Meteorology and Atmospheric Physics     Hybrid Journal   (Followers: 20)
Mètode Science Studies Journal : Annual Review     Open Access  
Monthly Notices of the Royal Astronomical Society     Hybrid Journal   (Followers: 5)
Monthly Notices of the Royal Astronomical Society Letters     Hybrid Journal   (Followers: 4)
Monthly Weather Review     Full-text available via subscription   (Followers: 25)
Nature Climate Change     Full-text available via subscription   (Followers: 61)
Nature Reports Climate Change     Full-text available via subscription   (Followers: 26)
Open Journal of Modern Hydrology     Open Access   (Followers: 4)
Revista Brasileira de Meteorologia     Open Access   (Followers: 1)
Revista Iberoamericana de Bioeconomía y Cambio Climático     Open Access  
Russian Meteorology and Hydrology     Hybrid Journal   (Followers: 3)
Space Weather     Full-text available via subscription   (Followers: 16)
Studia Geophysica et Geodaetica     Hybrid Journal   (Followers: 1)
Tellus A     Open Access   (Followers: 22)
Tellus B     Open Access   (Followers: 20)
The Cryosphere (TC)     Open Access   (Followers: 5)
The Cryosphere Discussions (TCD)     Open Access   (Followers: 3)
The Quarterly Journal of the Royal Meteorological Society     Hybrid Journal   (Followers: 21)
Theoretical and Applied Climatology     Hybrid Journal   (Followers: 6)
Urban Climate     Hybrid Journal  
Weather     Hybrid Journal   (Followers: 12)
Weather and Climate Extremes     Open Access   (Followers: 7)
Weather and Forecasting     Full-text available via subscription   (Followers: 15)
Weatherwise     Hybrid Journal   (Followers: 1)
气候与环境研究     Full-text available via subscription   (Followers: 1)
Journal Cover Journal of Atmospheric and Solar-Terrestrial Physics
  [SJR: 0.934]   [H-I: 70]   [127 followers]  Follow
   Hybrid Journal Hybrid journal (It can contain Open Access articles)
   ISSN (Print) 1364-6826
   Published by Elsevier Homepage  [3039 journals]
  • Electrical conductivity channels in the atmosphere produced by
           relativistic-electron microbursts from the magnetosphere
    • Authors: Joseph E. Borovsky
      Pages: 22 - 26
      Abstract: Publication date: March 2017
      Source:Journal of Atmospheric and Solar-Terrestrial Physics, Volume 155
      Author(s): Joseph E. Borovsky
      The properties of a cylindrical-shaped magnetic-field-aligned channel of electrical conductivity produced by the precipitation of relativistic-electrons into the atmosphere during a spatially localized magnetospheric microburst are estimated. The conducting channel connects the middle atmosphere (~50km) to the ionosphere. A channel diameter of ~ 8km with an electric conductivity of 1.2×10−9 Ω−1m−1 near the bottom and 1.8×10−7 Ω−1m−1 higher up is found. In the fair-weather electric field, the higher-conductivity portions of the channel can carry substantial electrical currents.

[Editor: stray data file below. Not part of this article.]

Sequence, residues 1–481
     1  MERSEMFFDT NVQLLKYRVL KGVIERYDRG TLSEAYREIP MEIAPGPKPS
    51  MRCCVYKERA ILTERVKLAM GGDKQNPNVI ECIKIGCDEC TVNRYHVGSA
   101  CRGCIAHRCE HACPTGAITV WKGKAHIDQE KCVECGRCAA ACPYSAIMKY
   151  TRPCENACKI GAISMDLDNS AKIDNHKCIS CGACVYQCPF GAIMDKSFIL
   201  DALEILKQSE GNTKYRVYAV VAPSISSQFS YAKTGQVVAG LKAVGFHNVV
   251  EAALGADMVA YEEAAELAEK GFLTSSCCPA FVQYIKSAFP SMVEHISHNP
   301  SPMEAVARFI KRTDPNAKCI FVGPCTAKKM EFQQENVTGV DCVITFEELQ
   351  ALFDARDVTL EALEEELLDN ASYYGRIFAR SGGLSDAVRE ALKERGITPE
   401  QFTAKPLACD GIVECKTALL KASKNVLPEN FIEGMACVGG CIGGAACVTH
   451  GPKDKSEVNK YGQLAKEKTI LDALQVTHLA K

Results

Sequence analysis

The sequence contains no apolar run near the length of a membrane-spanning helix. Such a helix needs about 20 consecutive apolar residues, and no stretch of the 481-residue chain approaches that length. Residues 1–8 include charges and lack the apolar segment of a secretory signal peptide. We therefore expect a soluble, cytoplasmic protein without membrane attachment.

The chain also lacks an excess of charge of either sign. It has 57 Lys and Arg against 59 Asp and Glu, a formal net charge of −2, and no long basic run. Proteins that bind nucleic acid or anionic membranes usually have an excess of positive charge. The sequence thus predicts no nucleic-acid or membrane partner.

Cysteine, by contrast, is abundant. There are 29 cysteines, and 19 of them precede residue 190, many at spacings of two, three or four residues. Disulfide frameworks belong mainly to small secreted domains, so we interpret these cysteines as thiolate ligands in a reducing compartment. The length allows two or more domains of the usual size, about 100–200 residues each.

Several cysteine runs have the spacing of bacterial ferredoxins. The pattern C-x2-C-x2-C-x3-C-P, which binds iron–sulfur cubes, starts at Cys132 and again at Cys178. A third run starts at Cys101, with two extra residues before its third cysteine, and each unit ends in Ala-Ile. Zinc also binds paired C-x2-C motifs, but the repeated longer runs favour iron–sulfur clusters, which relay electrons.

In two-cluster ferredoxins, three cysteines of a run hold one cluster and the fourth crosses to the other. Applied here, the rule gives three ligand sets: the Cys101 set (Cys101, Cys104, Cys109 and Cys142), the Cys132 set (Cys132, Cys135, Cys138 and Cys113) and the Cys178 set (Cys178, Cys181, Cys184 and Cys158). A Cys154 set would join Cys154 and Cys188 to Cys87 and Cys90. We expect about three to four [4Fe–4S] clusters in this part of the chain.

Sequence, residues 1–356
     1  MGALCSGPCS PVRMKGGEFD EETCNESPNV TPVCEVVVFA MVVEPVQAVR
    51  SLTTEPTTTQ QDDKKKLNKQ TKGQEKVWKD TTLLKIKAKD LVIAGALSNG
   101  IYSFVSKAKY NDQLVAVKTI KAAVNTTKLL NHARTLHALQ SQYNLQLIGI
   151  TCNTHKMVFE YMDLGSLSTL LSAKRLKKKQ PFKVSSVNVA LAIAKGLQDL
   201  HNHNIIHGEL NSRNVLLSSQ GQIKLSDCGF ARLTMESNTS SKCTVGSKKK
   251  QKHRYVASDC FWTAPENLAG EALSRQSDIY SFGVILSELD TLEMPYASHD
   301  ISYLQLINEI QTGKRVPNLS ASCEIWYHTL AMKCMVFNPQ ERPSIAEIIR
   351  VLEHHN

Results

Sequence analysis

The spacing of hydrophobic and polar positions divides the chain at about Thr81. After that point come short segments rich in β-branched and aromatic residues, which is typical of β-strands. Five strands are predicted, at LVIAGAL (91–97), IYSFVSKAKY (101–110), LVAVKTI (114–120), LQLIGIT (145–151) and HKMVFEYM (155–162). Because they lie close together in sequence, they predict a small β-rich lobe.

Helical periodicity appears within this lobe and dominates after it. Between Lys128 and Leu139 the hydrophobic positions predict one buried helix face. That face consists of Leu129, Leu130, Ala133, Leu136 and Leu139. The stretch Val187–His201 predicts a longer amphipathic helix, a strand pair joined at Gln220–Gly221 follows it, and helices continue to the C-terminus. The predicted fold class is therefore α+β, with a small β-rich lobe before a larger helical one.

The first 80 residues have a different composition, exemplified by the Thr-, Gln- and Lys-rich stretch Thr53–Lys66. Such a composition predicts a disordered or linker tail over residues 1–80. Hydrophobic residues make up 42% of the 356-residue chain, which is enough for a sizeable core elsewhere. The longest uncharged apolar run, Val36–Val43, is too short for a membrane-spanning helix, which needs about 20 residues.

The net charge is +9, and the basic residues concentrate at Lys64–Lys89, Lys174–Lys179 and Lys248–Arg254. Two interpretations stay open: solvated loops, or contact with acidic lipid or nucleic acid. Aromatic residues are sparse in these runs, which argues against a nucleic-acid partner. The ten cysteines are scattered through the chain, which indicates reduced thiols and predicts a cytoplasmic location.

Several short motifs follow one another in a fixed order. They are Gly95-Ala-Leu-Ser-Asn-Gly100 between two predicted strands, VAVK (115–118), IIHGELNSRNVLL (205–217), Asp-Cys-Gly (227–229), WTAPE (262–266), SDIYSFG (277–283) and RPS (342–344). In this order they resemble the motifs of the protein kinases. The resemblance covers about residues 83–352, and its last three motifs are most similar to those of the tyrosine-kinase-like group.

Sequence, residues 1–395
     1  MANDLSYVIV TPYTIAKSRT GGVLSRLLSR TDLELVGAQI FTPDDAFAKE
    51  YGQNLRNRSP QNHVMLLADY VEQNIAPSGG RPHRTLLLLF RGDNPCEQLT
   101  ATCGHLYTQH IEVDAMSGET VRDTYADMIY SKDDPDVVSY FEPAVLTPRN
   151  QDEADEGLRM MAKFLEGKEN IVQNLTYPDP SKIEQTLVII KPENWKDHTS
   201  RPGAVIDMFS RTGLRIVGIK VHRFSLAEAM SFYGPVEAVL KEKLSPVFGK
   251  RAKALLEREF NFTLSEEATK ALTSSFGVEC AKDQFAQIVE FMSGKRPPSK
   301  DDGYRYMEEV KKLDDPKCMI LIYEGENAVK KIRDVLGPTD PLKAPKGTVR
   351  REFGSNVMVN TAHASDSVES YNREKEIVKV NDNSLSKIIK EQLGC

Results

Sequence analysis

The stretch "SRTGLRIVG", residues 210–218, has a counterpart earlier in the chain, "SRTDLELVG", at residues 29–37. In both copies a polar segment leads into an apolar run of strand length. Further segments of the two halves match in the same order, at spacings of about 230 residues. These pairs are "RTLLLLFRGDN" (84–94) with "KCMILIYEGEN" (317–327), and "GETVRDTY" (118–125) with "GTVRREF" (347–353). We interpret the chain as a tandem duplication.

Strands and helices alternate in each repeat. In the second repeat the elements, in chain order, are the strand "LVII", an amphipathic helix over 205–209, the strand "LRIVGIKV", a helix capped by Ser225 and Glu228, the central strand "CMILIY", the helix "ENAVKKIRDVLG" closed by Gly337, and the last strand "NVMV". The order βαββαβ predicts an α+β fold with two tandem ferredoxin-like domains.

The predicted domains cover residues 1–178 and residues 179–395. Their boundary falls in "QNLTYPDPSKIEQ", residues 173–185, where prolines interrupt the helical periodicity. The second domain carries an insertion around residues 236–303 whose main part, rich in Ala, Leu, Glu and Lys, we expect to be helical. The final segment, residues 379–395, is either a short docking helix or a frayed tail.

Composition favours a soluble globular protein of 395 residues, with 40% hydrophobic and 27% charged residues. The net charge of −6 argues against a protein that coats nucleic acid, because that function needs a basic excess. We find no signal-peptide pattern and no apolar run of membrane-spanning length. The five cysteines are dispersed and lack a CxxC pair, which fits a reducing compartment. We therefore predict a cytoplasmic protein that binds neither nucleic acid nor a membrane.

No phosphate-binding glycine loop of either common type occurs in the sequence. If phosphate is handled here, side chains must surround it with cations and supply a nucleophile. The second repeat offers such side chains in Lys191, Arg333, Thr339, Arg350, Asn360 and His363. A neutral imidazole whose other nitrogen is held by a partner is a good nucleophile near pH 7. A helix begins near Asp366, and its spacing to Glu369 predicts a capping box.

PubDate: 2017-02-04T11:57:29Z
      DOI: 10.1016/j.jastp.2017.01.004
      Issue No: Vol. 155 (2017)
  • First observations of electron gyro-harmonic effects under X-mode HF
           pumping the high latitude ionospheric F-region
    • Authors: N.F. Blagoveshchenskaya; T.D. Borisova; A.S. Kalishin; T.K. Yeoman; I. Häggström
      Pages: 36 - 49
      Abstract: Publication date: March 2017
      Source:Journal of Atmospheric and Solar-Terrestrial Physics, Volume 155
      Author(s): N.F. Blagoveshchenskaya, T.D. Borisova, A.S. Kalishin, T.K. Yeoman, I. Häggström
      We provide the first experimental evidence of the sensitivity of phenomena induced by extraordinary (X-mode) polarized HF high power radio waves to pump frequency stepping across the fifth electron gyro-harmonic (5fce) from below to above. The results were obtained at the EISCAT (European Incoherent Scatter Scientific Association) HF heater facility near Tromsø under effective radiated powers of 456–715MW, when the HF pump wave was transmitted into the magnetic zenith. We have analyzed the behavior and intensities of various spectral lines in the narrowband stimulated electromagnetic emission (SEE) spectra observed far from the heater, HF-enhanced plasma and ion lines (HFPL and HFIL) from EISCAT UHF incoherent scatter radar spectra, and artificial field-aligned irregularities from CUTLASS (Co-operative UK Twin Located Auroral Sounding System) observations, depending on the frequency offset of the pump field relative to the 5fce. At pump frequencies below 5fce the narrowband SEE spectra exhibited very intense so-called stimulated ion Bernstein scatter (SIBS), accompanied by other spectral components, associated with stimulated Brillouin scatter (SBS), which are greatly suppressed and disappeared in the vicinity of 5fce and did not reappear at fH>5fce. As the pump frequency reached 5fce, the abrupt enhancements of the HFPL and HFIL power, the appearance of cascade lines in the plasma line spectra, and the onset of increasing CUTLASS backscatter power occurred. That is opposite to the ordinary mode (O-mode) effects in the vicinity of 5fce. The X-mode pumping at frequencies below and in the vicinity of the fifth electron gyro-harmonic clearly demonstrated an ascending altitude of generation of induced plasma and ion lines from the initial interaction height, whereas for O-mode heating the region of interaction descended. The observations are consistent with the coexistence of the electron acceleration along and across the geomagnetic field at fH<5fce, while only very strong electron acceleration along the magnetic field was observed at fH≥5fce.